The third article in my series Walking the Planes has just been published over at The Ontological Geek. It’s about the Planescape setting and how its emphasis on diversity and plurality has affected me, both in discovering the setting as a teen, and nowadays. I’m not really sure yet what the next episode is going to be about, as I have multiple half-finished ideas bouncing around in my head. You’ll have to wait and see!
This one took a bit longer to write, but finally the second article in my planar series is out, in which I give an overview of the planes in the history of Dungeons & Dragons. Next time, I’ll be diving into Planescape properly for the first time.
As promised, my series about Planescape and the Planes in Dungeons & Dragons kicked off this month. The first instalment is only an introductory piece, in which I set out my ideas for the future of the series. Hopefully it will whet your interest; check back here or on The Ontological Geek soon for the second piece!
Since early last year, The Ontological Geek has been my main outlet for writing about games. The site is the brainchild of Bill Coberly, who stepped down as Editor in Chief this week because he’s going to law school. Congratulations, Bill! You can read his goodbye post here. Our new helmswoman is Hannah Duvoix, who has been a contributor to the site for a long time as well. She wrote some words of introduction as well.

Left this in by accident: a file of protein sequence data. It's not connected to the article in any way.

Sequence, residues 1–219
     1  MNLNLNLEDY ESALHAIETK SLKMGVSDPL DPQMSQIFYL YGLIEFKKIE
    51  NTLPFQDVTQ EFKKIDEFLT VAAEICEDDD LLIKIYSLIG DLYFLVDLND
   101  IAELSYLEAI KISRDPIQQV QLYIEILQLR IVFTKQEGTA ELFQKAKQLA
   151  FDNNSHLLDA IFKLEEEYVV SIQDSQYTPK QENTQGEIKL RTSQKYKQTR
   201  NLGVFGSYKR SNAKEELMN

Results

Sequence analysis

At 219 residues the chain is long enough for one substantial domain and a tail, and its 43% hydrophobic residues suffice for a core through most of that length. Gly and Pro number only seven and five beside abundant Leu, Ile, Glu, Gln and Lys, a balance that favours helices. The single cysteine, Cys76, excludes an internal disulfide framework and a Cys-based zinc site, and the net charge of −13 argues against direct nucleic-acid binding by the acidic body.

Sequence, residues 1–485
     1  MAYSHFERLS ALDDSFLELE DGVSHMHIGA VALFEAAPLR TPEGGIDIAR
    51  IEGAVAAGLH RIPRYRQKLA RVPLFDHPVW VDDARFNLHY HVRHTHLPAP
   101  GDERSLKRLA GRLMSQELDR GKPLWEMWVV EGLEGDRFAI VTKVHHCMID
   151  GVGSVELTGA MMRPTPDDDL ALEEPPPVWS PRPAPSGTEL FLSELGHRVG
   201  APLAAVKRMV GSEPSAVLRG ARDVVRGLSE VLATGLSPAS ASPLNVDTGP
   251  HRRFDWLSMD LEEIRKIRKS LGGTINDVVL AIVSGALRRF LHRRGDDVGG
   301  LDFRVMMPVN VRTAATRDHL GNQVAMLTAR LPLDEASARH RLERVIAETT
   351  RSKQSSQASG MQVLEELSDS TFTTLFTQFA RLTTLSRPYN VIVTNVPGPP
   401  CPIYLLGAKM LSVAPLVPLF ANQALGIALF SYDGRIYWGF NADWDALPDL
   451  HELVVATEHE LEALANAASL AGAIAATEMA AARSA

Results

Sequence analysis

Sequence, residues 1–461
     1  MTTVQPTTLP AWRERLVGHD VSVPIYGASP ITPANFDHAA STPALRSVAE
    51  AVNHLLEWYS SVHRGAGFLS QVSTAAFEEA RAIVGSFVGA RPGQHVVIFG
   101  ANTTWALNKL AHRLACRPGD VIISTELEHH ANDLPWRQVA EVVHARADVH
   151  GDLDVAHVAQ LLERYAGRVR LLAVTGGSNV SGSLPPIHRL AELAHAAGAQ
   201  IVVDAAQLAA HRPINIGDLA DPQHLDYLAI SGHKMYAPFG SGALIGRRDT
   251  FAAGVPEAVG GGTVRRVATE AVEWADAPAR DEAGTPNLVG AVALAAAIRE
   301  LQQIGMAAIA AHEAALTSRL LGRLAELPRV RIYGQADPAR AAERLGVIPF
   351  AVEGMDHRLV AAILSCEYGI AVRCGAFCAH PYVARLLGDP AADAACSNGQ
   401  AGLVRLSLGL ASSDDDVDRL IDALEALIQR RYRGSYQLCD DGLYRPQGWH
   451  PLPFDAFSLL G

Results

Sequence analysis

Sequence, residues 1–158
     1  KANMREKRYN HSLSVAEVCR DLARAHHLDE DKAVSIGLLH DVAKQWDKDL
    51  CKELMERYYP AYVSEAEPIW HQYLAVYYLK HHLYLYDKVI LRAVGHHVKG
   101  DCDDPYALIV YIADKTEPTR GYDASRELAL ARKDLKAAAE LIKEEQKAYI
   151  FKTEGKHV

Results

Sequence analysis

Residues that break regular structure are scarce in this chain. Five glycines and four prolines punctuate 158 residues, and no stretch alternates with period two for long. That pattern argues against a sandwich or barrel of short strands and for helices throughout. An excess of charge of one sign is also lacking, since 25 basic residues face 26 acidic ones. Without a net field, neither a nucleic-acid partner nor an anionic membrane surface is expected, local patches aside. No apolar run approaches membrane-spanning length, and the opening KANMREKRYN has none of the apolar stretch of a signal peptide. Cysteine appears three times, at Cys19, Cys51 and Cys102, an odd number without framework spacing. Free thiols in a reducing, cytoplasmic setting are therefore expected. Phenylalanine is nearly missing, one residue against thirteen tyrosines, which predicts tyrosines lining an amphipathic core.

Videogames can sometimes be a very arcane medium, and it can often be difficult to comprehend what they’re all about for people who never or seldom play them. Of course entertainment is often the main ‘use’ of a video game, but many of them have elaborate themes and stories, and the way in which video games deliver those narratives and themes is often unique to the medium. Today my own piece on Planescape: Torment was published, and I try to explain how the game uses exploration and conversation to allow you to reconstruct the protagonist’s tortured past.
What a chimera of a book this is. It has one foot in plain old fantasy, with quite a few battles, some spell-slinging, and a hero on a quest. The other foot is deep in myth. When I first read this book, around seven years ago, I didn’t quite get it. I was already quite familiar with Planescape, the Dungeons & Dragons setting that forms the backdrop for this novel. However, in the novel, I found little of the vast vistas and wide-eyed wonder that typified the setting for me. Instead, the book’s narrative is almost completely confined to a labyrinth, which offers only a few passing glimpses of all the imaginative places that make up the Planescape multiverse. However, upon a second reading and some brief reflection, I think I now see what Denning tried to do here.